It's the circular die you can see inside the bat shape in this image.
Use a pair of small pliers to remove the circular die from the bat. I sometimes smooth those little remains of the joining tabs with a file, it's best not to leave any sharp edges, future you will thank yourself.
This little disc can now be used to cut a spooky face into a card front or a tag! Depending on what side of the card you use your face can look in either direction! For my card above, I just used a plain black card base, cut a spooky face and mounted white card in behind. The speech bubble sentiments from the Boo and Friends set work great with this wee die!
The die has a double cutting line all the way around - when you run it through your die cutter it will produce a panel and a little frame, you will normally just discard the wee frame piece if you want to use the panel only.
If you have run it through the die cutter again with an embossing mat, you will also see the embossed line detailing and it will bring out the pierced lines especially well.
If you wish to create a mat for the panel, run the die through the die cutter one more time with a fresh piece of cardstock in the colour you want your mat to be.
While the die cut is STILL IN THE DIE - use ordinary tape to tape along both of the side of the die - you can just see the shiny tape in this pic. You should but the edge of the tape up to the lowest parts of the scalloped edge - DON'T put your tape right to the edge of the scallops or you will see it when the panel is done. It does not really matter how wide your tape is - I used ordinary household tape - just so long as it covers the tiny holes also.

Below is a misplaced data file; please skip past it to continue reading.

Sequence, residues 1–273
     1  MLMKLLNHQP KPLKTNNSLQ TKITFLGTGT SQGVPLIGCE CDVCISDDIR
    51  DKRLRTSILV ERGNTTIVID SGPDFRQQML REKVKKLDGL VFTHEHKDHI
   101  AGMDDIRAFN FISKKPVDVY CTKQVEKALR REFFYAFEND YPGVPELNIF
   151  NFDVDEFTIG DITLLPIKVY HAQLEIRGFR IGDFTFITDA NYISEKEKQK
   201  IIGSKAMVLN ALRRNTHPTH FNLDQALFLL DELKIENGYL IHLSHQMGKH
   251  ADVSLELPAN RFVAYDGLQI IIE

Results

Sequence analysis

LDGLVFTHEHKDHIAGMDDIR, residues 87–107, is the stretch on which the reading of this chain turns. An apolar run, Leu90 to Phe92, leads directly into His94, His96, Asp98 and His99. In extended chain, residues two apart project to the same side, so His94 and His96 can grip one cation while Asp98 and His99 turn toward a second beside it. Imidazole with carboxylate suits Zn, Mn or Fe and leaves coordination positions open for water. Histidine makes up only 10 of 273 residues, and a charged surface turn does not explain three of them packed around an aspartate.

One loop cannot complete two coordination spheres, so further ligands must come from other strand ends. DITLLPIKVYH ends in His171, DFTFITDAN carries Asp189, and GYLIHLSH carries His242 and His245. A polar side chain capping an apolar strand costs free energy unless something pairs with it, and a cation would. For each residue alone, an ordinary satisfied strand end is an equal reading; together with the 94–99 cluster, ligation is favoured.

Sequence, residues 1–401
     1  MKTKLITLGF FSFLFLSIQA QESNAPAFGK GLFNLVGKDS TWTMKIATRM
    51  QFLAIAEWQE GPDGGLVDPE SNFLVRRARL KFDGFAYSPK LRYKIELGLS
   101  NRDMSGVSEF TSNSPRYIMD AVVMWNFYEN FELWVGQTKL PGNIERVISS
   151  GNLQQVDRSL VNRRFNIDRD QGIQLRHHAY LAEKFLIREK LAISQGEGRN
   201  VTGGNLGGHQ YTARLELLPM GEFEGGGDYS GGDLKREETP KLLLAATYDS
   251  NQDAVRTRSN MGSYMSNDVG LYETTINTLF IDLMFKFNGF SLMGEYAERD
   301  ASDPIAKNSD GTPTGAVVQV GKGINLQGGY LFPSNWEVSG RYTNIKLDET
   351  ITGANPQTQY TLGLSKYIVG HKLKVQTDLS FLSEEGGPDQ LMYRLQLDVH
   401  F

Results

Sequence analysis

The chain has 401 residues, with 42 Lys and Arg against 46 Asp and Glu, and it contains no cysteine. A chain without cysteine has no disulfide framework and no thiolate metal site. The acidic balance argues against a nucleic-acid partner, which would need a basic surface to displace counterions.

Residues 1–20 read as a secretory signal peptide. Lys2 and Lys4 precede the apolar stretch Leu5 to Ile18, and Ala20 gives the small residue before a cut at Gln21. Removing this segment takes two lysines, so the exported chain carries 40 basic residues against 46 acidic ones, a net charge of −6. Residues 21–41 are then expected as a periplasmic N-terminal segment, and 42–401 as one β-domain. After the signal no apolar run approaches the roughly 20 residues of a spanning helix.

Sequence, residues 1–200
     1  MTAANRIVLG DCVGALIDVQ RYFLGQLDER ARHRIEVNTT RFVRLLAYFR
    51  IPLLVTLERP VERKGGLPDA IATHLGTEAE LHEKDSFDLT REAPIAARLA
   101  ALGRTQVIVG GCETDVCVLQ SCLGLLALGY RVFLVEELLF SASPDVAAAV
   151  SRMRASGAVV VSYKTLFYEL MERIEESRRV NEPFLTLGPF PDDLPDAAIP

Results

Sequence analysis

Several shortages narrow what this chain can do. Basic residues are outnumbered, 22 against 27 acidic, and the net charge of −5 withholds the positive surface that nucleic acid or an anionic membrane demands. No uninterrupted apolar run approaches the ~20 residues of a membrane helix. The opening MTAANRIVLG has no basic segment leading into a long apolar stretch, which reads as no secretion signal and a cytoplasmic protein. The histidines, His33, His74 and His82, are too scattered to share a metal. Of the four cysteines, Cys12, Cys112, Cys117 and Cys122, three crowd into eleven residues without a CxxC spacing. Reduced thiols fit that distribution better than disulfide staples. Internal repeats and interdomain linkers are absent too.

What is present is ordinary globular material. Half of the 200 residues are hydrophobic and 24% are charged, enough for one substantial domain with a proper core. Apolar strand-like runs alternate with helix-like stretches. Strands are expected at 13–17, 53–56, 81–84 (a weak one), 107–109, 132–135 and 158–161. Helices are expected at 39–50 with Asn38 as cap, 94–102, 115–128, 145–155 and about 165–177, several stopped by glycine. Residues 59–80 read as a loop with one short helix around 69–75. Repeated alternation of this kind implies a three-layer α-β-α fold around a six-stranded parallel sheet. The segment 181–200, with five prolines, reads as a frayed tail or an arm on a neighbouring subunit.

When you take the die cut out of the die and turn it right side over, you will have something that looks like this - all you need to do now is snip away the excess tape at each end of the panel.
In the pic above I have cut a plain panel from blue card and I have made a mat panel from white card - just as I described above.
Now I layer the pieces to get a picot panel with a contrasting mat - happy clappy! :) - you can use the mat complete, or you can trim it flush at the sides like I did for the Thank you card. I love this look also.
With our new dies releasing this month I have been playing around with them, looking at what I can do with them - i love to get the best value possible from all WMS product and dies are going to be such fun in so many ways!
Our dies are going to be a mixture of both open dies, and closed dies depending on what suits the stamp it matches or the purpose of the die. For this post I'm using a closed die from the Little Lanterns Die Set.
Closed dies are dies that you cannot see through, they are not open in the middle section. Closed dies will have little round target holes and while these are so handy dandy for lining up die cuts, the target holes also cut the card. this is absoltely no problem when I am die cutting the actual shape, but when I want to use the negative space left by the die cut, I might not want to see those little circles, let me show you what I did.
1. The lantern die is lying on the white card, cutting side up - you can see the two target circles, one on either side. I'm going to mask those using a teeny tiny piece of the tan embossing mat that I have. It's an old mat, I'm currently using a fresher one, but it is great for this purpose, if you don't wish to sacrifice a tan mat to this process you could try a little piece of thin cork or some tiny pieces of card stacked up. You can see in the photo that I have trimmed off a tiny corner of the mat and cut it into two.